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Meet Yuliia Plokha


Philologist, language and literature teacher, publishing house editor and reading ambassador, Ukrainian culture promoter, literature meetings initiator.

I met Yuliia last year at the Test Gallery in Barcelona, a space showcasing Ukrainian culture and art. I was there to support both national artists and the gallery owner, Kateryna Pidhayna, a friend of mine. Yuliia was conducting a five-segment course on Ukrainian literature 

I thought it was a wonderful opportunity to ask her more about literature, reading, and its influence on our lives. It turned out, not in vain.

Why do you think literature is still essential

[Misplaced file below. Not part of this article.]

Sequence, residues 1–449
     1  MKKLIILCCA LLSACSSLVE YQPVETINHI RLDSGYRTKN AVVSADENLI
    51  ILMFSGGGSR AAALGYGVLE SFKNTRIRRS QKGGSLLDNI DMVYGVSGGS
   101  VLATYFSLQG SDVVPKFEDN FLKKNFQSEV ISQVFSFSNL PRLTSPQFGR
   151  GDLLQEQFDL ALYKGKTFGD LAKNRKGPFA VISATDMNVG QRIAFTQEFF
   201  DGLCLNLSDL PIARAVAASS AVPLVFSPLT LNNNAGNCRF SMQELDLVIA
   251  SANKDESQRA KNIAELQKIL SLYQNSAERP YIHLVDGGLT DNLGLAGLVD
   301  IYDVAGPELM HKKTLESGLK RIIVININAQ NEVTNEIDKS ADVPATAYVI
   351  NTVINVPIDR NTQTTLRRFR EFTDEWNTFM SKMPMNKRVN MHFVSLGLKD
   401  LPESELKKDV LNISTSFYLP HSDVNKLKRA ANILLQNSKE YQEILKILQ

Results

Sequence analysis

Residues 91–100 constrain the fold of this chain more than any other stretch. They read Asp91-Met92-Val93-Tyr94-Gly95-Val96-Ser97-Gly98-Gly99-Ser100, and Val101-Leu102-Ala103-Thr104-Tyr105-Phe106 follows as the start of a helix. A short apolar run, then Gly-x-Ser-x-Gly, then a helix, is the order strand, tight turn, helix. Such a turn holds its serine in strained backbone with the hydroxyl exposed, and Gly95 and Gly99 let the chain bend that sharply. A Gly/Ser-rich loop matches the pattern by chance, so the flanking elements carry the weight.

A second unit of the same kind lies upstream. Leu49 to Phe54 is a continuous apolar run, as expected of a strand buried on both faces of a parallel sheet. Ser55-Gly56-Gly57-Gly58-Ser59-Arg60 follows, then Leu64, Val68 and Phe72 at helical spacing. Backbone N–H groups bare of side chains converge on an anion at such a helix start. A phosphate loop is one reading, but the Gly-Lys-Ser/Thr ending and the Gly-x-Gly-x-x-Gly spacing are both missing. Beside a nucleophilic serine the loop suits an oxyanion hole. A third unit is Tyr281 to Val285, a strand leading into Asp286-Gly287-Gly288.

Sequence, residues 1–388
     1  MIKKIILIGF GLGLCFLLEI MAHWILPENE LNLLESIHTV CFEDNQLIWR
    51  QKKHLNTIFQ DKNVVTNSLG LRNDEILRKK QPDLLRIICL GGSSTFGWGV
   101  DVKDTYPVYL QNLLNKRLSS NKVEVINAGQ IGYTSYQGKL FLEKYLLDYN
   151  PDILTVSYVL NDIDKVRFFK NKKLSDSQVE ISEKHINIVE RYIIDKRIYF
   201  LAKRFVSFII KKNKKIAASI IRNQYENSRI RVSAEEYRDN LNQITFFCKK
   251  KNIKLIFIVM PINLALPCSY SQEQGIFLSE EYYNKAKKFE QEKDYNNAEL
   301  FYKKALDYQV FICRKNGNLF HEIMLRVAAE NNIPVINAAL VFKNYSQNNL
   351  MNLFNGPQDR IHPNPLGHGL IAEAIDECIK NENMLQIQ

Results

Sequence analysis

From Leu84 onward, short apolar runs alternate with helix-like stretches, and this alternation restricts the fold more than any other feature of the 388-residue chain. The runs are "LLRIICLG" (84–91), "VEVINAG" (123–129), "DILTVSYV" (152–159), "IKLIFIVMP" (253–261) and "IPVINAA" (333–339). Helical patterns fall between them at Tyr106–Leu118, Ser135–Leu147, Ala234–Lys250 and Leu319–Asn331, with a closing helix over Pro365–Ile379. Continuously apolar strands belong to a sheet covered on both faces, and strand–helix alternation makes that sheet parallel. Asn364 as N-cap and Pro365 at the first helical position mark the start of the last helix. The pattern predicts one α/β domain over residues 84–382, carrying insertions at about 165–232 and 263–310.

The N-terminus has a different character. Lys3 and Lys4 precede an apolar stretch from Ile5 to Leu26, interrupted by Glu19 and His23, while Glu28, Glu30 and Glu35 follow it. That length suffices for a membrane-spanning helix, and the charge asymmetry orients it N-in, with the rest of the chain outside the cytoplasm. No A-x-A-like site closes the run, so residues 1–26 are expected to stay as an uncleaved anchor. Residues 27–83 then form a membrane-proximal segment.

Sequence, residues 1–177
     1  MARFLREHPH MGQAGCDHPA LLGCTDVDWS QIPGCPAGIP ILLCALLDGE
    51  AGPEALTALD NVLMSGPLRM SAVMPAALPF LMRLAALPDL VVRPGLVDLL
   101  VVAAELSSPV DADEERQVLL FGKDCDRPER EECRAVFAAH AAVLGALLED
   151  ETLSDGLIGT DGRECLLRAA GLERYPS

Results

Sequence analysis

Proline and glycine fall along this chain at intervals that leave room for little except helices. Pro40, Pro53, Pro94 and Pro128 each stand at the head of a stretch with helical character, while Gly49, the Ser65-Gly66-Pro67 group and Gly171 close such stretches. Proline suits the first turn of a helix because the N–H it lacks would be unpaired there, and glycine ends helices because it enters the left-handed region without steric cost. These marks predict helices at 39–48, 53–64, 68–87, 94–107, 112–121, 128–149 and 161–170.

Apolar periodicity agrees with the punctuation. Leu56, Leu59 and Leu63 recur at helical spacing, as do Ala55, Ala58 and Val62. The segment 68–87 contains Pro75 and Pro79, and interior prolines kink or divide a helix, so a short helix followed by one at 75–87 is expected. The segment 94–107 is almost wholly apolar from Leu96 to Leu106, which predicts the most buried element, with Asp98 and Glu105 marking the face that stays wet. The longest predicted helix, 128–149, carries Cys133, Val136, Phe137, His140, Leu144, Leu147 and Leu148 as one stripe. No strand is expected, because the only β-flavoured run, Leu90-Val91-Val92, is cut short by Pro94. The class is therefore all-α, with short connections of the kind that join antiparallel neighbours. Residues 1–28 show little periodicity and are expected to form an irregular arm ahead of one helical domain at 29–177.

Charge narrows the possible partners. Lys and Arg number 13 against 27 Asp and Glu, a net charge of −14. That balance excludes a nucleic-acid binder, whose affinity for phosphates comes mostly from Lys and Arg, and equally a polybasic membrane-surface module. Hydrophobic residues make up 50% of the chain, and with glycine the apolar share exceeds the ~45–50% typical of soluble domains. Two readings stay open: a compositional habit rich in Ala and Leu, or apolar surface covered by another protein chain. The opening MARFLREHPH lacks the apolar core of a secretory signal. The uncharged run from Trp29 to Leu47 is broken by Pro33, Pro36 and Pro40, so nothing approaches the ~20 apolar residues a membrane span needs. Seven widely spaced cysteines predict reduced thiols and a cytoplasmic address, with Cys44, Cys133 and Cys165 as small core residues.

Since its inception, literature has served crucial functions in society, fulfilling individual and collective purposes. Undoubtedly, these functions are frequently interconnected and can fluctuate based on cultural and historical contexts. 

At the outset, literature fulfilled educational and preservation needs. As a potent educational instrument, it educates readers about diverse cultures, historical occurrences, social dilemmas, and human encounters, enriching their knowledge and comprehension of the world. Conversely, literature preserves cultural legacy by recording the beliefs, values, traditions, and languages of specific societies or eras, serving as a portal to the past and safeguarding cultural wisdom from fading away. These dual roles persist in literature today.

Sounds rather serious. And what about amusement or joy? Are they connected somehow with literature?

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